George C. Pardee and Helen N. Pardee Professor of Economics, Professor of Political Science
Economics and Political Science
Barry Eichengreen is the George C. Pardee and Helen N. Pardee Professor of Economics and Professor of Political Science at the University of California, Berkeley, where he has taught since 1987. He is a Research Associate of the National Bureau of Economic Research (Cambridge, Massachusetts) and Research Fellow of the Centre for Economic Policy Research (London, England). In 1997-98 he was Senior Policy Advisor at the International Monetary Fund. He is a fellow of the American Academy of Arts and Sciences (class of 1997). Professor Eichengreen is the convener of the Bellagio Group of academics and economic officials and chair of the Academic Advisory Committee of the IMF policy.
Summary of recent papers:
Date: May 2016
Coauthors: Eduardo Cavallo, Ugo Panizza
Citation: IHEID Working Papers, 07-2016
A surprisingly large number of countries have been able to finance a significant fraction of domestic investment using foreign finance for extended periods. While many of these episodes are in low-income countries where official finance is more important than private finance, we also identify a number of episodes where a substantial fraction of domestic investment was financed via private capital inflows. That said, we find that foreign savings are not a good substitute for domestic savings. More often than not, episodes of large and persistent current account deficits do not end happily. Rather, they end abruptly with compression of the current account, real exchange rate depreciation, and a sharp slowdown in investment. We conclude that financing growth and investment out of foreign savings, while not impossible, is risky.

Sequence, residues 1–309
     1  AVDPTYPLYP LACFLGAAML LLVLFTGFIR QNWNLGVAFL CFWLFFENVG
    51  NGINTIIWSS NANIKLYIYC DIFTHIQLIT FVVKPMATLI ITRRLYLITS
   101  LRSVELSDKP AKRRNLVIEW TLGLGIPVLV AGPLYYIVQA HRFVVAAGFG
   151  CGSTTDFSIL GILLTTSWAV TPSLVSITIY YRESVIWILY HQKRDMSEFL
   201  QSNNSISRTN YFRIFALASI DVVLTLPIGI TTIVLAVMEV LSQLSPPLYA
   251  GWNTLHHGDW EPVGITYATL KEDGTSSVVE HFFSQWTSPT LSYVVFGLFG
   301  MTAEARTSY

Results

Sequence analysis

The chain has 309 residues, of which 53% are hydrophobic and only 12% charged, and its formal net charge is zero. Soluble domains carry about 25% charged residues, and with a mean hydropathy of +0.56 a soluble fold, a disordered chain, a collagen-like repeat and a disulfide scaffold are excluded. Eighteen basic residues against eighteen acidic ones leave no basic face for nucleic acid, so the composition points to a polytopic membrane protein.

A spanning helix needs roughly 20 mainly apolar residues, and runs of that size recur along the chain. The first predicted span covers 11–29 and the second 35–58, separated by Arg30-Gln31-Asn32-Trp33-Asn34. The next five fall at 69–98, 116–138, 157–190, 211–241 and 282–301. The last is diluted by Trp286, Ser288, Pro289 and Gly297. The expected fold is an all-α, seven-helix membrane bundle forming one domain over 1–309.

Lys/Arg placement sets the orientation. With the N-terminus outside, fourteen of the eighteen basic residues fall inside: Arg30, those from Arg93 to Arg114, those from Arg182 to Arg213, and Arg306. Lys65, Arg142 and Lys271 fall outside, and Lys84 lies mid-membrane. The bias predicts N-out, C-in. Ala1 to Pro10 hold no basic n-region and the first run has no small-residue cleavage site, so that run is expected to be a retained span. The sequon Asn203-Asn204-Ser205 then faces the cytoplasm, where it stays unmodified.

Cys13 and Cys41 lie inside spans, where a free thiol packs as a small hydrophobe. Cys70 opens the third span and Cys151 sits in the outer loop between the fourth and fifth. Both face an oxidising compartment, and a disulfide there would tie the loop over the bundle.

Date: January 2016
Coauthors: Romain Lafarguette, Arnaud Mehl
Citation: NBER Working Papers, No. 21884
We analyze the impact of technology on production and trade in services, focusing on the foreign exchange market. We identify exogenous technological changes by the connection of countries to submarine fiber-optic cables used for electronic trading, but which were not laid for purposes related to the foreign exchange market. We estimate the impact of cable connections on the share of offshore foreign exchange transactions. Cable connections between local markets and matching servers in the major financial centers lower the fixed costs of trading currencies and increase the share of currency trades occurring onshore. At the same time, however, they attenuate the effect of standard spatial frictions such as distance, local market liquidity, and restrictive regulations that otherwise prevent transactions from moving to the major financial centers. Our estimates suggest that the second effect dominates. Technology dampens the impact of spatial frictions by up to 80 percent and increases, in net terms, the share of offshore trading by 21 percentage points. Technology also has economically important implications for the distribution of foreign exchange transactions across financial centers, boosting the share in global turnover of London, the world’s largest trading venue, by as much as one-third.